Kingman's WWII history celebrated

AHRON SHERMAN/Miner<br>
A gunner turret used on a B-17 or B-24 during WWII. The gunner would get into the turret and use the handles to aim and fire the two .50-caliber machine guns mounted on top.

AHRON SHERMAN/Miner<br> A gunner turret used on a B-17 or B-24 during WWII. The gunner would get into the turret and use the handles to aim and fire the two .50-caliber machine guns mounted on top.

Seventy years ago, the U.S. Army activated the Flexible Gunnery School at Kingman.

On Saturday, the volunteers behind the Kingman Army Airfield Museum will host a two-hour open house to commemorate the base/museum's anniversary.

The Kingman Airport and the surrounding industrial park was a base dedicated to training servicemen to operate .50-caliber machine guns on B-17s during World War II.

Museum Curator Rob Chilcoat said 36,000 people graduated from the school before the end of the war in 1945.

Those 36,000 people learned to hit moving targets with .50-caliber machine guns, but that's not where their training started.

Students started with BB guns, graduated to shooting skeet with shotguns, went on to shooting moving targets from moving vehicles with .30-calibur M-1s before they even touched the .50-calibers, said Kingman Army Airfield Museum President Bob Loose.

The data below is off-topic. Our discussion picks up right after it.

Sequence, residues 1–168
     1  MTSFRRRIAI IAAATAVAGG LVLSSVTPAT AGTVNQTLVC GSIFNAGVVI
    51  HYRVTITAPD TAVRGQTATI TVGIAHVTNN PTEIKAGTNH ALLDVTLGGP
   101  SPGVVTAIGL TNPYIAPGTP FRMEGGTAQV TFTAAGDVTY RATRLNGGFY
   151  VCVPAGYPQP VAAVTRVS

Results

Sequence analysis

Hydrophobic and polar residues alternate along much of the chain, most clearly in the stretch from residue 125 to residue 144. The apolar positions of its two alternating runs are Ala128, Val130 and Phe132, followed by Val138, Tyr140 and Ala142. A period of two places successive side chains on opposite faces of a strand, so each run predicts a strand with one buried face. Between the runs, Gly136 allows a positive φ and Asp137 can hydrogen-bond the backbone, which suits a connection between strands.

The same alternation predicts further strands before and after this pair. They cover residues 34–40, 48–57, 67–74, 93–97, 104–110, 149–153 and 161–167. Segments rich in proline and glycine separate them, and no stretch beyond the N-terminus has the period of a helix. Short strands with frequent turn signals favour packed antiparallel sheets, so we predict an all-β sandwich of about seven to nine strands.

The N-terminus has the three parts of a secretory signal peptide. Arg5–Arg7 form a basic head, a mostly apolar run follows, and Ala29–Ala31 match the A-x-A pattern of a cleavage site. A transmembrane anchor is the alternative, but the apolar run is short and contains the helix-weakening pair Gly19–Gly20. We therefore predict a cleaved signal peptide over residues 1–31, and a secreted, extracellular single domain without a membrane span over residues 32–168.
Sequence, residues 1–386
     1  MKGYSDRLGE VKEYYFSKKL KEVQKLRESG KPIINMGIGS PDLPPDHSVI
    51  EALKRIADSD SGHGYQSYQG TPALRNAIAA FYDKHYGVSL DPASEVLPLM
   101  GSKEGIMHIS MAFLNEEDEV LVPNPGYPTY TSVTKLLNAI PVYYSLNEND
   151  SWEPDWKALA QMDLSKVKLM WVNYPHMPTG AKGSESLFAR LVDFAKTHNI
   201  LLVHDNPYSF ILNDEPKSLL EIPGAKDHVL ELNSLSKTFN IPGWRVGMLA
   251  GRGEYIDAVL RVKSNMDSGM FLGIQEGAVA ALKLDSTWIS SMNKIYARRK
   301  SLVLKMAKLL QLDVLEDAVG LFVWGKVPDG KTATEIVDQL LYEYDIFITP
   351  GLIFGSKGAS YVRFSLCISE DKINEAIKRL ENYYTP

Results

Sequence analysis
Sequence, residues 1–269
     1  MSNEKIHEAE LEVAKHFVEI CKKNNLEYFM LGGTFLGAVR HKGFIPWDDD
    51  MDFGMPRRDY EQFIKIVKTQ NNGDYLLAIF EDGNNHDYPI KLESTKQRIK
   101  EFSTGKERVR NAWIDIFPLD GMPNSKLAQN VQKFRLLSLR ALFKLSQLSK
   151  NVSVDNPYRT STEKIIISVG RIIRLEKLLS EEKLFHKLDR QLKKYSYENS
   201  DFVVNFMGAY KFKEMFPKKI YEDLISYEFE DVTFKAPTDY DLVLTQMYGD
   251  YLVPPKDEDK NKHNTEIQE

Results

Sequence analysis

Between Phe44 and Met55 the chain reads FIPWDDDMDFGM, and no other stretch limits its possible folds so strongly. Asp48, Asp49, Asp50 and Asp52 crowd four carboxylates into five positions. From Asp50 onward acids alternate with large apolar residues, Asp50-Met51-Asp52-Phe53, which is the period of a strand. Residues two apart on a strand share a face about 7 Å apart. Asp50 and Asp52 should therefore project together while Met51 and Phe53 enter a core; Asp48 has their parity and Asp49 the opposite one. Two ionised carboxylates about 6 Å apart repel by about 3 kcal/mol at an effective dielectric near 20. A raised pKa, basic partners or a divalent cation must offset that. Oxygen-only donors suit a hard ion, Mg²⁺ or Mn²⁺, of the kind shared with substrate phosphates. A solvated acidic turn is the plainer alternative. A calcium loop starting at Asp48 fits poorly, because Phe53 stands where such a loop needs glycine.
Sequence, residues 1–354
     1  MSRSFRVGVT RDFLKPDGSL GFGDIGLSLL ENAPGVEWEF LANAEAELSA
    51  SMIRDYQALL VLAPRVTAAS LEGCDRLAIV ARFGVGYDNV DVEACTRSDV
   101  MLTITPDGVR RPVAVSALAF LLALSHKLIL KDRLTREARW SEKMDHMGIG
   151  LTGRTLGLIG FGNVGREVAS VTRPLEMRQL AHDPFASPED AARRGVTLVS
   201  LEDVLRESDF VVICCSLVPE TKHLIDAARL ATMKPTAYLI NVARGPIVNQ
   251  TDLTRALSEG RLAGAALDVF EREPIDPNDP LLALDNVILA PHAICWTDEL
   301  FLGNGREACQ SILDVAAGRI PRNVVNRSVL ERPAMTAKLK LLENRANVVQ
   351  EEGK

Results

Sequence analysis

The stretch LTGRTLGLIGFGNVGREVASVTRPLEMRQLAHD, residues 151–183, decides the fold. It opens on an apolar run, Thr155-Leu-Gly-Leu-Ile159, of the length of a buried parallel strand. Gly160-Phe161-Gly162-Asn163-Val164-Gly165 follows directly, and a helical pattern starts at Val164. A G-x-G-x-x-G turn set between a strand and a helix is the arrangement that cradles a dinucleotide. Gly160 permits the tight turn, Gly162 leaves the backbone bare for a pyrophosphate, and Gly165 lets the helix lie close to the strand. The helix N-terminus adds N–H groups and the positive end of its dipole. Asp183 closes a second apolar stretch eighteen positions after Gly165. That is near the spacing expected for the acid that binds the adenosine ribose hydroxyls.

It was a six-week course, with two weeks of classroom work dispersed throughout, two weeks of on-the-ground training and two weeks of in-the-air training, Chilcoat said.

In order to graduate, students needed to be able to disassemble and assemble their weapons blindfolded. In the middle of an air battle, there was no telling what the sight conditions would be, and if that gun jammed the gunner needed to be able to get it working again no matter how well he could see, Loose said.

"Working blindfolded taught (students) all about the guns," he said.

Also important for the students was learning how to not only hit a moving target, but to hit it from a moving plane.

"They had to learn how to lead their shots," Chilcoat said.

Every 10th round fired by the .50-caliber machine guns was a tracer shot, which helped gunners keep targets in their sights, Loose said.

Mary Ellen Montgomery started the museum in 1980 because she wanted to honor the soldiers who fought in WWII. Chilcoat, Loose and the volunteers who keep the museum intact share her vision. It's full of antique planes, various types of equipment and countless pieces of WWII memorabilia.

"When Mary Ellen started the museum, they had no money," Loose said. "And that has not changed. We still have no money."

Though they rent the building from the city, everything from remodeling to daily upkeep falls on the volunteers' shoulders. That hasn't stopped them from continuing to upgrade.

For instance, the museum volunteers saved the $5 donations people pay to visit the museum and were able to put it toward a $50,000 roof last year.

This commitment shows how important remembering the men who fought in WWII is to the people who run the museum.

When speaking of the gunners who trained in Kingman, Chilcoat said, "No matter how many missions you got through, your life was always on the line."